Donald O. Weckhorst dressed in military uniform in front of tent, 1951On May 30, 1946, fourteen-year-old Donald O. Weckhorst (1932-2015) attended his first Memorial Day celebration in his hometown of Appleton, Minnesota. The little town of Appleton was a proud and patriotic community. At the start of World War II, the Appleton National Guard mobilized and engaged in combat in North Africa and Italy. In honor of their service, the city renamed twenty-nine streets after soldiers, sailors, and marines killed in combat. During the Memorial Day celebration in 1946 attended by Weckhorst and his family, local citizens killed in the war were remembered. Weckhorst was particularly moved by the event. One of those honored was his close neighbor Richard Rooney. Weckhorst heard the three customary rifle reports buffeted by the sound of taps in the distance and decided that day his future would be in the armed forces. Five years later he joined the Air Force and began a life-long career serving his country.

Weckhorst was born in Appleton on February 4, 1932. He graduated from Bellingham High School in Bellingham, Minnesota and enlisted in the Air Force in January 1951. Weckhorst began basic training at Lackland AFB, Texas and quickly transferred to Sheppard AFB, Texas. The following year, he transferred to Chanute AFB and earned an Aircraft Hydraulic Mechanic certificate. As a mechanic, he worked at Davis Monthan AFB in Arizona, Smokey Hill AFB in Kansas, Yokota AFB in Japan, and finally back to Chanute AFB between 1952-1955. Following a three-month break from service in 1955, he returned to work in a supervisory role at Chanute AFB. From December 1955-1958, he was an NCO specialist at Bitburg AFB in Germany. He returned home in 1959 and became a guided missile maintenance, missile propulsion systems, and aerospace ground equipment instructor back at Sheppard AFB. Next, he moved to Illinois and became a recruitment officer in Carbondale and then Cape Girardeau, Missouri. He returned again to Chanute AFB in the early 1970s as a senior enlisted advisor until 1980, when he retired after 30 years of service.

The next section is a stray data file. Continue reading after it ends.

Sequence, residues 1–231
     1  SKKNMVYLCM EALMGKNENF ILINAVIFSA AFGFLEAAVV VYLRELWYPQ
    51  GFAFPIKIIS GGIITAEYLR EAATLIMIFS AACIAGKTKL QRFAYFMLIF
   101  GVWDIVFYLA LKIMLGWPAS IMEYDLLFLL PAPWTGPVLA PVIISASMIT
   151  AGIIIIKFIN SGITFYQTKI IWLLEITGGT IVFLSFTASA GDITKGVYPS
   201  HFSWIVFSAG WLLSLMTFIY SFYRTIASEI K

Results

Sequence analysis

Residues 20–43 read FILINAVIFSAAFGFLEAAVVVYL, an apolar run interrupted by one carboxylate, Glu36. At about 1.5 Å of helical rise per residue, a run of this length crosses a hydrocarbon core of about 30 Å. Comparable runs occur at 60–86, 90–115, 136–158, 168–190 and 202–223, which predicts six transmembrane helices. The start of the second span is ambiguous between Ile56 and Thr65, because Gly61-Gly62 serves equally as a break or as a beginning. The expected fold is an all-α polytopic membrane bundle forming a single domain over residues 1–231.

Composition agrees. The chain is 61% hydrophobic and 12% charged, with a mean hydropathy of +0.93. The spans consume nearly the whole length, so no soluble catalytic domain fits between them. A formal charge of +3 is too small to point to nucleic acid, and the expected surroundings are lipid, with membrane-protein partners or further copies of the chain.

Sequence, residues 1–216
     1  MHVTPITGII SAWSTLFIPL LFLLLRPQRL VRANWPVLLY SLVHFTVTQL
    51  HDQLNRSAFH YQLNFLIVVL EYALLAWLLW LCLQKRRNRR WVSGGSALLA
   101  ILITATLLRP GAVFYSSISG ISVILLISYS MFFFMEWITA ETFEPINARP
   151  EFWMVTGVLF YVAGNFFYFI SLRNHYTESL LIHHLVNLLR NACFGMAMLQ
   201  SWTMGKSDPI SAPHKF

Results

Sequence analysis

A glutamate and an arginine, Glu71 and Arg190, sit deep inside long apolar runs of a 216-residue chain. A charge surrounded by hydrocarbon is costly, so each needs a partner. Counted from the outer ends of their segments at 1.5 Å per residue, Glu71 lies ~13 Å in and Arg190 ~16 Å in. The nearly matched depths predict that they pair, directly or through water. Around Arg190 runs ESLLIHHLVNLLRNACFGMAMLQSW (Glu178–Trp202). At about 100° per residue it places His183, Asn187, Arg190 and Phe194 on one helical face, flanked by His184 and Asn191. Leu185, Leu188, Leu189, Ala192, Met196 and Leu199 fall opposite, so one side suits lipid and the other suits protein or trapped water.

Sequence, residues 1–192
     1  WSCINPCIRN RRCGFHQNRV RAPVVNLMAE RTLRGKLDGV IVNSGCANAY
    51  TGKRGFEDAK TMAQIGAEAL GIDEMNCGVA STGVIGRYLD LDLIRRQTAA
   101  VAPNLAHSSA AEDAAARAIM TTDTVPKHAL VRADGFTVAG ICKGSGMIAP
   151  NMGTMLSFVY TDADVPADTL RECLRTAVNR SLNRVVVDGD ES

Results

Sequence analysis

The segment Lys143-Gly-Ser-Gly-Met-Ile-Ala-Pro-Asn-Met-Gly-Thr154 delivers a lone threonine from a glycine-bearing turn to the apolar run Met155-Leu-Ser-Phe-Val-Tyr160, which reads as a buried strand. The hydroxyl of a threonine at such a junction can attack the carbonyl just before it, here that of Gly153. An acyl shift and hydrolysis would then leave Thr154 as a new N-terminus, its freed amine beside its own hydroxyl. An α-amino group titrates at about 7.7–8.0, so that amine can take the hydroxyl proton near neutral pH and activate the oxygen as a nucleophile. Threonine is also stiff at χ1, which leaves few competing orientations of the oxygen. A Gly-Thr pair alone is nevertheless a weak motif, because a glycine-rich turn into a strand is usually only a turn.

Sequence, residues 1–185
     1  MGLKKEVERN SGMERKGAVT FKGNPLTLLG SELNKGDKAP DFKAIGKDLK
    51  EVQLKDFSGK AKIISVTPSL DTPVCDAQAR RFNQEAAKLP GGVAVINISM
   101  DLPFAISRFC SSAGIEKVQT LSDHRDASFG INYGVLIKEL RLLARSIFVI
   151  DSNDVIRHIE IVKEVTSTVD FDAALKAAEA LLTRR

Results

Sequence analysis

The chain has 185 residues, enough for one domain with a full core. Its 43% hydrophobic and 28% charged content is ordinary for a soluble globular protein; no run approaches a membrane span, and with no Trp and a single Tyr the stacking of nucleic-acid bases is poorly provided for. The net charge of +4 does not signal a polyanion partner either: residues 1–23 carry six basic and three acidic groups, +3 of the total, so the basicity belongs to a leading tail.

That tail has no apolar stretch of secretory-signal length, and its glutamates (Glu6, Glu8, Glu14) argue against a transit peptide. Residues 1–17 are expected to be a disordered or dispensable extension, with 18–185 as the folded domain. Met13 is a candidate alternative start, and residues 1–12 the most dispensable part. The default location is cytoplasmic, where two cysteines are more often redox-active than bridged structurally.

Donald O. Weckhorst seated at table in Air Force blues uniform, 1970sAlong with his military service, Weckhorst also achieved an impressive academic background. In 1963, he completed an Associate’s Degree in Liberal Arts from Saint Leo College. Two years later, Weckhorst began studies at Eastern Illinois University in Charleston, IL and received his Bachelor’s Degree in vocational trades in 1977. In 1980, Weckhorst earned another Associate’s Degree from the Community College of the Air Force in work center management, and a Master of Science in Technology from Eastern Illinois University. After his retirement from the military, Weckhorst achieved his goal of working in education beginning a second career working part-time for Parkland College. 

Donald O. Weckhorst holding copy of Chanute’s 75-Year Pictorial History, 2000Weckhorst’s final bow was given to the base he already gave so much to, Chanute. In the late 1970s, Weckhorst began to form a group dedicated to the history of Chanute and aviation in general. By the mid-1980s, the Chanute Heritage Foundation was formed and sought to collect materials and information related to the base. Their first major endeavor, was the creation of Chanute’s 75-Year Pictorial History, which was spearheaded and written by Weckhorst. Following the base closure in 1993, Weckhorst maintained his dedication to Chanute and helped open the Octave Chanute Aerospace Museum. To accompany the museum, Weckhorst created a library at the base as well, which was named the Don Weckhorst Library, in his honor. From its founding through nearly its closure in 2015, Weckhorst was the base historian at the museum, continuing to support the institution he loved so dearly until the end of his life. 

Although the base and museum are now closed, the memory and records of Chanute AFB will continue to exist at the Champaign County Historical Archives. This would not be possible without the extraordinary work of Donald O. Weckhorst. Millions of people learned and worked at the base throughout its history, but for this archivist, the name Weckhorst truly defines the base and its collection. He was a man of extreme dedication, hard work, and love of his country. 

-Thomas Kuipers
  Archives Intern